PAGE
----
Coronavirus research

How to survive self-isolation based on Astronaut Scott Kelly’s experience of spending nearly one year on the International Space Station. Below are his tips, and how I’ve been trying to put them into practice!

  1. Follow a schedule. I am an early riser. My routine continues more or less the same, except I substituted my morning gym visit with the elliptical, while watching the daily COVID-19 news.
  2. Get plenty of sleep. I have discovered a new functionality on my iPhone that lets me know when it’s bedtime, and I am trying to follow this advice to ensure I get enough sleep – a new goal for me!
  3. Take the opportunity to watch a new movie, TV series or pick up that book you’ve been meaning to read. I have watched a number of newly-released movies. My favorites are “Ford v Ferrari” and “Judy,” and I’m reading “The American Story” by David Rubenstein.
  4. Go out into nature and get some exercise. I discovered my neighborhood for the first time in almost two years that I’ve been living in Arlington, and it’s quite lovely!
  5. Keep others at a six-foot distance. Even while walking through the neighborhood or during a trip to the grocery store, be careful to follow this advice on social distancing.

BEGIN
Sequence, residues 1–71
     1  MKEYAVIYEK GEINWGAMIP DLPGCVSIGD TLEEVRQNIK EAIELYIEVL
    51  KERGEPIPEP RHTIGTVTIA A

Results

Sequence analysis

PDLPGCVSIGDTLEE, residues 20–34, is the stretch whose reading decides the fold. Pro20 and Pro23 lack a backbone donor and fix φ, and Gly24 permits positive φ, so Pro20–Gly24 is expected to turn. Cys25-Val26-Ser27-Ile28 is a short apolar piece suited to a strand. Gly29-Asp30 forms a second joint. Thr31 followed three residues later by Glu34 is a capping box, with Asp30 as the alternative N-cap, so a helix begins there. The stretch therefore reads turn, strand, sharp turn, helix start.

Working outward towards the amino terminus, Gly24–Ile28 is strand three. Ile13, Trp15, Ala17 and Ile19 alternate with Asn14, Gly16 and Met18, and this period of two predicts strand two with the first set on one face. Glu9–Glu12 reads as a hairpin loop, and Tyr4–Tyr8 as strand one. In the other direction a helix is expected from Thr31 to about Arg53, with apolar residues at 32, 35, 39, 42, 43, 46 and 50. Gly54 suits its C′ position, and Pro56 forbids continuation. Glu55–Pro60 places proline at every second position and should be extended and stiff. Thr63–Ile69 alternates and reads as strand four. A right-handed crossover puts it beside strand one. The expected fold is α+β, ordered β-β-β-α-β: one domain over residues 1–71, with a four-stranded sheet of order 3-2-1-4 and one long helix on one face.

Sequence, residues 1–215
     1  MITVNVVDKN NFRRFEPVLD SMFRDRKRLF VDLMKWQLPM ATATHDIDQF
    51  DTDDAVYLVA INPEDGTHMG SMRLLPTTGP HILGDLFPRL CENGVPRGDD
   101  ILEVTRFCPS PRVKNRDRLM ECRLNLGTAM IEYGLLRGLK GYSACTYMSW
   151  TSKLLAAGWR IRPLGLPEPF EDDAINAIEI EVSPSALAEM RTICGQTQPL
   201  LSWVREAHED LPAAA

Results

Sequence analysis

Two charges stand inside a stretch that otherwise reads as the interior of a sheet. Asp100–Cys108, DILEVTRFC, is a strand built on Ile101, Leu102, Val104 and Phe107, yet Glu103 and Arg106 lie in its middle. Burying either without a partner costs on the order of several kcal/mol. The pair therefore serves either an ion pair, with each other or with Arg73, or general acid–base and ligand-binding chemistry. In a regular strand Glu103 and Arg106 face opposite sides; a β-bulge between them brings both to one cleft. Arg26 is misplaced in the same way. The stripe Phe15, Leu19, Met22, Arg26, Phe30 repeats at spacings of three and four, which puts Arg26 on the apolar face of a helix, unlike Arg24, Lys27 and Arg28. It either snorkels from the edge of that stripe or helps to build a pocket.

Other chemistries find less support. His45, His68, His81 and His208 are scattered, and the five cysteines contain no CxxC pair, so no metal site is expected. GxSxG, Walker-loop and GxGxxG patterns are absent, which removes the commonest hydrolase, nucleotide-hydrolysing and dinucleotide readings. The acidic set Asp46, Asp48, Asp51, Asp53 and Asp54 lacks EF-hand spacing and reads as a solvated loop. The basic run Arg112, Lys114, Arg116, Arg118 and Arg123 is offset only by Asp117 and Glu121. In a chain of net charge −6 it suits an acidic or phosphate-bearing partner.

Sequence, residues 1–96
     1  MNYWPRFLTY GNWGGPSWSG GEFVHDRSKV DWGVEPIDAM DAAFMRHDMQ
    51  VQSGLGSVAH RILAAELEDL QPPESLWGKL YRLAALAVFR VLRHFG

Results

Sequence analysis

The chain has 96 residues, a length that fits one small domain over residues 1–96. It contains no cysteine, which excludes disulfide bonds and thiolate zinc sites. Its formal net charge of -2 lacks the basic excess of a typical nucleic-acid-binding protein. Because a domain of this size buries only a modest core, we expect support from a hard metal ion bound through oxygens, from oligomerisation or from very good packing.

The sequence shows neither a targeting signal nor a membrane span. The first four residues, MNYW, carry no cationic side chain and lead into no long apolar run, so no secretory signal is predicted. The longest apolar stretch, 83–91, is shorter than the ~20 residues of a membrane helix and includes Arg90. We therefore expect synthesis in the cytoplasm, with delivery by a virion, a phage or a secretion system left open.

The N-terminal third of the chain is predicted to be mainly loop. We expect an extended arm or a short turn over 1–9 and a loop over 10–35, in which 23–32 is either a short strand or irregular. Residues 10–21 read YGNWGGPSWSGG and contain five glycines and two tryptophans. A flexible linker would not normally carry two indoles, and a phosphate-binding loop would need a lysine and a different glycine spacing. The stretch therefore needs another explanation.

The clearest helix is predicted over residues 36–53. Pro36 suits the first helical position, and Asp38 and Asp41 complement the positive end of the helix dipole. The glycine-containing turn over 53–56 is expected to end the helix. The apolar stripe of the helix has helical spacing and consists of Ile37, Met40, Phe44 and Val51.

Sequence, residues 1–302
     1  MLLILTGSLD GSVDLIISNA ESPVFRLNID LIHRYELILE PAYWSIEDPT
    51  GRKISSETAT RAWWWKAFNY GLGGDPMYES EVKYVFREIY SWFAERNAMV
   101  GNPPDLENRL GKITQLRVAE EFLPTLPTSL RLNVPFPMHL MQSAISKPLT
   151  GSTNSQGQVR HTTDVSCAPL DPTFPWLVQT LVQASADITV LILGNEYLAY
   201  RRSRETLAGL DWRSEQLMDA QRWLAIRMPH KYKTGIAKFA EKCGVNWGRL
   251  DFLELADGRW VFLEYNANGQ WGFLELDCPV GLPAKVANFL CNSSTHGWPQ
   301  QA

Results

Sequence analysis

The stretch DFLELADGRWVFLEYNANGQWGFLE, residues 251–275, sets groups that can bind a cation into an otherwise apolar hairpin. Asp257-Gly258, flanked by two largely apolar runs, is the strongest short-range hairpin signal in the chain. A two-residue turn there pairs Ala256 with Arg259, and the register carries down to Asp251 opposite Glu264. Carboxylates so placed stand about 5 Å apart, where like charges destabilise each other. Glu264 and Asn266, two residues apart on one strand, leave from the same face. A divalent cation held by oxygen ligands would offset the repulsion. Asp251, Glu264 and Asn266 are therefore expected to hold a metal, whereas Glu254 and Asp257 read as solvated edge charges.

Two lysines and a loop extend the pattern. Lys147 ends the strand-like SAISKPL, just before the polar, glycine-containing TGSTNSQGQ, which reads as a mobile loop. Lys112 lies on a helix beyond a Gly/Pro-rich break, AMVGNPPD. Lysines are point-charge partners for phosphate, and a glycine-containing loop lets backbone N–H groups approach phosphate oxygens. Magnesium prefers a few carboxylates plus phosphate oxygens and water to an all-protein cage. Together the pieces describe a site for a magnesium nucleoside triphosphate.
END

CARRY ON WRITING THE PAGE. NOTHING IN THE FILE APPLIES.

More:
6. Keep a journal and chronicle your experiences for the day.This will be something interesting to read once this is all over, and it will end!
  7. Stay in contact through video calls. Doing so with your classes or business meetings through Zoom or other technology platforms will help you feel connected during these challenging times.

Coronavirus responders:

The over-responders are the panic buyers who have stockpiled months worth of supplies. They’re scared, and buttressing themselves with stacks of toilet paper is empowering them and easing that fear. 

The people in the middle are doing what they’re being asked to do without panicking or acting too lax — they’re pandemic Goldilocks. 

Under-responders are those disobeying public health guidance — the ones who consider themselves invulnerable. They aren’t following social distancing because they believe they won’t get sick, even though it could prevent more vulnerable people from becoming infected. 

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